[CentOS] Door not hitting me on my way out

Mon Apr 4 17:03:45 UTC 2011
Marko Vojinovic <vvmarko at gmail.com>

On Monday 04 April 2011 12:25:06 Mister IT Guru wrote:
> The one thing I would love to be able to contribute my time to is
> helping test new code, and get it out the door so guys on the street can
> test it out.

Before you get flamed-off by people who are already extremely pissed by previous 
infinity of discussions on this topic, let me try to summarize the answers to 
your questions, collected from all previous flames that were going on for the 
past three months. ;-)

Hopefully, my answer could prevent yet another flame starting up... :-)

Also, I am not a developer of CentOS (or of anything else) myself, but just an 
ordinary user. So I am just going to rehash and summarize what I have read 
from more knowledgeable people on this list.
> Maybe it's my curiosity, but my brain tells me that Fedora is the
> forerunner for RHEL. And the Fedora code is out there. CentOS is built
> from the RHEL code, with all RHEL specific items removed. Ergo - If I
> replicate the build environment on some of my machines,

Herein lies the main problem: *there* *is* *no* *build* *environment* yet. In 
other words --- the Fedora environment is far too 
big/generic/unsuitable/whatever (am I right here?), and RedHat is not 
interested in giving details about their build environment.

So the main problem that CentOS team has to solve with each major release is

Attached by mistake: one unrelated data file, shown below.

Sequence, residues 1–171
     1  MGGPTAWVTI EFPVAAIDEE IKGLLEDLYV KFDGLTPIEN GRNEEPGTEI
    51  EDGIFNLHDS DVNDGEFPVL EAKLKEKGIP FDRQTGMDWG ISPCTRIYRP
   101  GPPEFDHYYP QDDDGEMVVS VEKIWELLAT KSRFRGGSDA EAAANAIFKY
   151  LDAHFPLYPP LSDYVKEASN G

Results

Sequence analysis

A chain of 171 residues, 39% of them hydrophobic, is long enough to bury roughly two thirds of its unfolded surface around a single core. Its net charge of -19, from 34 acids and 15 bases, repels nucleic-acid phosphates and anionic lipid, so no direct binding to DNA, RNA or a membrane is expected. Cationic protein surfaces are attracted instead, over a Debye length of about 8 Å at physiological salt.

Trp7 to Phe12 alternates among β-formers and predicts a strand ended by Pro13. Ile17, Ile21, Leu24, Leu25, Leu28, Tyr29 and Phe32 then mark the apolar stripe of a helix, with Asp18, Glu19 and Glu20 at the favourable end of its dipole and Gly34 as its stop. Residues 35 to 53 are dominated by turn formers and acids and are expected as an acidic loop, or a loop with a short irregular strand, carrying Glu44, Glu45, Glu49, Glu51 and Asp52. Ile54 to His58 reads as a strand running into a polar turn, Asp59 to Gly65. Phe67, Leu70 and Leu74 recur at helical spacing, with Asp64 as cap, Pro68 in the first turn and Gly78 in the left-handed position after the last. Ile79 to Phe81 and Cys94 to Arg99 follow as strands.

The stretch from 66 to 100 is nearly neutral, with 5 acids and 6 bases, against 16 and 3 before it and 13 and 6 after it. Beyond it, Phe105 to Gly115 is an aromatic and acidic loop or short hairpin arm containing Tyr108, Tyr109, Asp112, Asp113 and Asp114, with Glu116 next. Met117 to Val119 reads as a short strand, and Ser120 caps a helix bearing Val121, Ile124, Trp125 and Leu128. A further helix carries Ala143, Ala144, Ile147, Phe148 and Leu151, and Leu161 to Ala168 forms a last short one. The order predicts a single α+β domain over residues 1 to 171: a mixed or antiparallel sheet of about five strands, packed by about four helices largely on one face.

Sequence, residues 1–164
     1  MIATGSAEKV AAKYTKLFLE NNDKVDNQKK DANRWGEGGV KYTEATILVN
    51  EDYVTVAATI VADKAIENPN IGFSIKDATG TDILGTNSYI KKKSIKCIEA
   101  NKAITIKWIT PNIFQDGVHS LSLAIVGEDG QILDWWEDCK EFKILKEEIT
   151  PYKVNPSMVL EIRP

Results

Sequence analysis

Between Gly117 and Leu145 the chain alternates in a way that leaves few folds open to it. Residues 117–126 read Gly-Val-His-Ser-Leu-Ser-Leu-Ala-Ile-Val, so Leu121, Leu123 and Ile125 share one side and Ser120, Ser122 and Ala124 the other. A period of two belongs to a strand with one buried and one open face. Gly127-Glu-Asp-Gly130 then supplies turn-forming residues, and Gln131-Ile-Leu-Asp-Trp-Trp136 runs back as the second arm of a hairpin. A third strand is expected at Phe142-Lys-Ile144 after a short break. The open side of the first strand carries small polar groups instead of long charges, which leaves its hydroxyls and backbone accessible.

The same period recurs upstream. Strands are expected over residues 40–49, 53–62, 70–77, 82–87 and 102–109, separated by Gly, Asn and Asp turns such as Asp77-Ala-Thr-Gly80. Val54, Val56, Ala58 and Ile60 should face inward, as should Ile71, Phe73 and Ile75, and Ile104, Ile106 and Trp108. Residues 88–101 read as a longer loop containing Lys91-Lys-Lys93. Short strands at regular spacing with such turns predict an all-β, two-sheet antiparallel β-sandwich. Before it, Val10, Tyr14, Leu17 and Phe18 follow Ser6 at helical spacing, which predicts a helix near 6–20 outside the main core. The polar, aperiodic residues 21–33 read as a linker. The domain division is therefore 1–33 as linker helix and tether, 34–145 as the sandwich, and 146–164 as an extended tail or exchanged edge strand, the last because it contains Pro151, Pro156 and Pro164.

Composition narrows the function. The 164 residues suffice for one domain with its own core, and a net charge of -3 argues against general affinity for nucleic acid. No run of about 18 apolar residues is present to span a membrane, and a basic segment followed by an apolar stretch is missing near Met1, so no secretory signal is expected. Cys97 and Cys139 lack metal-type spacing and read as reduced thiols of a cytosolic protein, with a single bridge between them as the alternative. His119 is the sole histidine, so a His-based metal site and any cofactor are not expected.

to construct a build environment that will produce binaries that are bit-by-
bit equivalent to official RHEL (up to trademarks, branding and some other 

From my naive understanding, this boils down to the proper order in which 
packages are supposed to be built. There is more than one possible ordering, 
and only one will give binary equivalent set of packages.

I am probably oversimplifying things, but it roughly goes as follows:

1) start from some build environment
2) compile the whole distro
3) compare the result bit-by-bit with RHEL binaries
4) if it matches you're done; if it doesn't match, modify the build 
environment and go back to 1).

AFAIU, the CentOS devs are currently in the above loop. Once they are done, 
testing will begin and CentOS 6 will probably be released shortly thereafter.

However, nobody knows how much time is it going to take to finish the loop. Not 
even the devs can estimate that, so better don't ask them! ;-)

I hope that this clears up some things.

> (KVM and XEN
> both running riot all over my systems, but not doing anything useful for
> me! :( ), then surley I should be able to get some postive results, and
> be able to contrib that back to the guys upstream.
> That's what my brain tells me. I don't mind running build environments,
> or test environments or whatever - I guess what I'm saying is GIMME SOME

As should be obvious from above, the problem is not in the workload. It's 
about reverse-engineering the build environment. More computing power (or 
manpower for that matter) will not help in a significant way.